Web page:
Intercontinental Cry

The colonization of our lands and lives began with English invasion in 1788. It was an unprovoked and undeclared war that pitted one nation against another nation. 226 years later, that war continues with the Australian colony comfortably playing host to the annual G20 summit.

From Abbott to Obama, leaders of the world’s major economies will meet in Brisbane this November to discuss and determine the global economic agenda. These twenty nation states are responsible for the genocide and dispossession of Indigenous peoples the world over.

Thousands of Aboriginal people converged on Brisbane in 1982 to protest the Stolenwealth Games. Demonstrators demanded recognition of Aboriginal land rights and the abolition of Queensland’s apartheid Aborigines and Torres Strait Islanders Act. Chants of ‘Land Rights Now’ and ‘Smash the Act’ in Brisbane’s city streets echoed across the continent and around the globe. The whole world was watching.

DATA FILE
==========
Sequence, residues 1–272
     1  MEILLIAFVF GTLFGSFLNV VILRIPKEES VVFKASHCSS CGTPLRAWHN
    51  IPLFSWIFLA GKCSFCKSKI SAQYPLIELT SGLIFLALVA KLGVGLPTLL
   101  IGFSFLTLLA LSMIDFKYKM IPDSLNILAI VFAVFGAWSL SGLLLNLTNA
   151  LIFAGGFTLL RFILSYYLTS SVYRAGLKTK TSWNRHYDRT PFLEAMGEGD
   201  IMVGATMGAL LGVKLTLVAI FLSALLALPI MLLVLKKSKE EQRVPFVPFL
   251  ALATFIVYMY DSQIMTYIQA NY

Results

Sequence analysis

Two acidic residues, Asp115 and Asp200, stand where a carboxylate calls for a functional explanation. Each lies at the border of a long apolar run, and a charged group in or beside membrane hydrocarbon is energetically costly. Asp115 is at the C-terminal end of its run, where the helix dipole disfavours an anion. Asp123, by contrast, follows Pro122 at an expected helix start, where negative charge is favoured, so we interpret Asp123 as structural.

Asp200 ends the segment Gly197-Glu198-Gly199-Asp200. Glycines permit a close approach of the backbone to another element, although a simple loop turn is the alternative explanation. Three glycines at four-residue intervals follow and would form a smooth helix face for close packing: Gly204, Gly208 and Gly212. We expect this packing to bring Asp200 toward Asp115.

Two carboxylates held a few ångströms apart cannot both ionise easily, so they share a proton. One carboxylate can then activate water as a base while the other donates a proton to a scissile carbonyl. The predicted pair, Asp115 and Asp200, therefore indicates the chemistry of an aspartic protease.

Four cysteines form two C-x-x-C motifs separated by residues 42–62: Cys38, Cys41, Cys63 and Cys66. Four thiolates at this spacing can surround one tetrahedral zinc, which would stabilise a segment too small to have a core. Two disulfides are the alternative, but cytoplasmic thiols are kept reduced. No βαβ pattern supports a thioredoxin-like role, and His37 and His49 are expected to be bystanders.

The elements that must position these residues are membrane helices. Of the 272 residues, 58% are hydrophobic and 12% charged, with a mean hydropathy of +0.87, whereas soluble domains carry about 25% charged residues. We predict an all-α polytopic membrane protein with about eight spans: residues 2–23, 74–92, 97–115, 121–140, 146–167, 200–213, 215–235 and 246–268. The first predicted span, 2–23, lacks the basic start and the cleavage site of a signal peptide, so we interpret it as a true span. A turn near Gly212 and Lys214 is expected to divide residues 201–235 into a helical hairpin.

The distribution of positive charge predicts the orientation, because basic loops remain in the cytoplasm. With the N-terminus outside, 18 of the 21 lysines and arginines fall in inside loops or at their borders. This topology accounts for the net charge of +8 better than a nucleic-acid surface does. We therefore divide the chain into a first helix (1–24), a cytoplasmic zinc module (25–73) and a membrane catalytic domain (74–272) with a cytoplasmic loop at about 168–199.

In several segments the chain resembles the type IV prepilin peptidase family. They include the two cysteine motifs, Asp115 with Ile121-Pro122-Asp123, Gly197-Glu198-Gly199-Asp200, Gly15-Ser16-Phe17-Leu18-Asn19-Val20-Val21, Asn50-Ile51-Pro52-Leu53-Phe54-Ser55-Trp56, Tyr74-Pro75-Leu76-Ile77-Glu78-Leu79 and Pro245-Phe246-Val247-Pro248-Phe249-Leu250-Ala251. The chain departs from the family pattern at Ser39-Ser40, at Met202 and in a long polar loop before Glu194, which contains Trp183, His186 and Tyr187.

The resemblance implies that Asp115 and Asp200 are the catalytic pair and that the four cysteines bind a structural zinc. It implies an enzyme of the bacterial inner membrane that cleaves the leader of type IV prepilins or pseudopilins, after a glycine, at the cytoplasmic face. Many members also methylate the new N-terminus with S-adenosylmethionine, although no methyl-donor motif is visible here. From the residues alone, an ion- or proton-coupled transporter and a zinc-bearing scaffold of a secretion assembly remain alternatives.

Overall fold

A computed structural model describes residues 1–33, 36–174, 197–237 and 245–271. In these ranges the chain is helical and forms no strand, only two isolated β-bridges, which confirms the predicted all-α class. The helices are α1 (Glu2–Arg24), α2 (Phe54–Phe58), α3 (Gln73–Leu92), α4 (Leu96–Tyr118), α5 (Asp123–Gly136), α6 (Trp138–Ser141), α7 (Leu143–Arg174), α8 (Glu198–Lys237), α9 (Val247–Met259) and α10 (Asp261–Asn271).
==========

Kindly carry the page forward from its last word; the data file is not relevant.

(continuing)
32 years on from this landmark in the Aboriginal struggle, the G20 summit presents another opportunity for us to have our voices heard on the world stage. Aboriginal people from across the continent will converge on Brisbane to protest this meeting of world leaders. Why? This question finds its roots in our fundamental rights and responsibilities as the Indigenous people of the land they now call ‘Australia’. Our nationalism is the assertion of these rights and responsibilities.

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